Each wishing of a “Happy New Year” also makes me self-conscious of the fact I’m tired of just saying “Happy New Year” back to these chipper people although, “right back at ya,” and “same to you,” don’t seem to have the same pleasant sound to them. Yes, it could be my tone of voice, as I try to exchange the pleasantry yet again, but I’m sure I mask my annoyance with the reminder of my future failures due to my own laziness by chuckling warmly as I give them a pleasant “back at ya, buddy,” or “same to you, fella.”

I can let it go a few more days, but I don’t expect to hear any New Year’s greetings after the middle of January. By the time January 15th rolls around, I figure the pleasantries will go back to normal, and greetings will be those brief nods in the hallway, or little wave of the hand like you’re shooing away a fly, or the verbal “hi,” if people really must have oral communications.

At that point, when everything gets back to normal, I will have forgotten all about my self-improvement goals for the year, and not give a dumbbell anymore thought than I did before stuffing that last holiday cookie in my mouth after dinner. I will give my novel a lot more thought, and even make a few attempts to finish it but, things being the way they are, I will probably be distracted by some other annoying greeting which should be coming up around the second week of February.

Yes, the pleasant tone of “Happy New Year” will be greatly missed by me when folks start wishing me a “Happy Valentine’s Day.” Then I will go into my mid-winter-lonely-and-depressed-gay-guy-funk, which always occurs just after everything gets back to normal after New Year’s, and I forget the next happy holiday so many people look forward to is one centered on couples and being one half of a couple, and being in a wonderful and loving relationship, and all that drivel.

At least, by February 15th I can start to look forward to “Happy St. Patrick’s Day, buddy. Wanna grab a beer?” Now that’s a greeting I can handle, and I know, by the middle of March, I won’t be hearing any mention of a Happy New Year.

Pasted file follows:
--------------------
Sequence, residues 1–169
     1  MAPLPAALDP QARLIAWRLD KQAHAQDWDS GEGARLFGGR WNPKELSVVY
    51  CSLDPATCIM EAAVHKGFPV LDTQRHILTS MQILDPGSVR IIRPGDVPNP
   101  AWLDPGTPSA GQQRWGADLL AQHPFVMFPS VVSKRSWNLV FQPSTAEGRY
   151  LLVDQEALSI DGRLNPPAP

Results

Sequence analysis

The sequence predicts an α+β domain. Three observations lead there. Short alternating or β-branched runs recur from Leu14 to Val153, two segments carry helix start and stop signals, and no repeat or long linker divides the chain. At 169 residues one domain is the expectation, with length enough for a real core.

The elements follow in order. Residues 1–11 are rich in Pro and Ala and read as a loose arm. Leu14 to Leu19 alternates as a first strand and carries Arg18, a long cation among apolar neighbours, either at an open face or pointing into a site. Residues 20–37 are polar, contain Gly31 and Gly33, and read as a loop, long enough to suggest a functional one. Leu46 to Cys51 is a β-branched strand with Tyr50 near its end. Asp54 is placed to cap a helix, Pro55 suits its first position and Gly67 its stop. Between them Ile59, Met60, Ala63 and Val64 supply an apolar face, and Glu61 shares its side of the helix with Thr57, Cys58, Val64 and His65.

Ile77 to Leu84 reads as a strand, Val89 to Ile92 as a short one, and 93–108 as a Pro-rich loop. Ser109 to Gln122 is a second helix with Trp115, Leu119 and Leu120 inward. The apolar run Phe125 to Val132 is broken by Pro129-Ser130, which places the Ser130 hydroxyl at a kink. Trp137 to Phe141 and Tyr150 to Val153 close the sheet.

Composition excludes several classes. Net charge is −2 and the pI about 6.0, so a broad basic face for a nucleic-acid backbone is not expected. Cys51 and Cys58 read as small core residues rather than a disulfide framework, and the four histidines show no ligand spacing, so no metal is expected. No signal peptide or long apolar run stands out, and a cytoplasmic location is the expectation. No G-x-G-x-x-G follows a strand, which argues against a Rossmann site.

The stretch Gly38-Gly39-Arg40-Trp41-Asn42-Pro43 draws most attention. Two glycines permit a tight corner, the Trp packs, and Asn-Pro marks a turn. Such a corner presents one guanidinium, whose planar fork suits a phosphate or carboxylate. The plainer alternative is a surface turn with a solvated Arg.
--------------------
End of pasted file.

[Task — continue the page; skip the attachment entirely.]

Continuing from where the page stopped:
ABOUT ROBERT A. MELOS

Robert is the author of the novels Cool Mint Blue, Melba Ridge, and the recently released The Adventures of Homosexual Man and Lesbian Lad; and the creator of the on-line comix Impure Thoughts found at his web site Inside R.A. Melos, as well as having been an on-line staff writer for QBliss where he had a monthly humor column, Maybe A Yip, Maybe A Yap. In his non-writing time, when he's not studying the metaphysical or creating a tarot deck, he sells real estate in Middlesex County New Jersey, hangs out with his dog Zeus, and spends time at the Pride Center of New Jersey in Highland Park, NJ, where he is on the Board of Trustees.

more about robert a. melos

IF YOU LIKED THIS COLUMN...

gatorade goes great with vodka
and other things i learned at the health club
by robert a. melos
topic: humor
published: 1.28.11


bobby the realtor slayer
there's a fine line between reality, sanity, and real estate
by robert a. melos
topic: humor
published: 8.14.02





COMMENTS

adam kraemer
1.9.03 @ 7:46a

I'd argue that it can be used for the entire month of January, but only by people who haven't seen you since 2002.



Intrepid Media is built by Intrepid Company and runs on Dash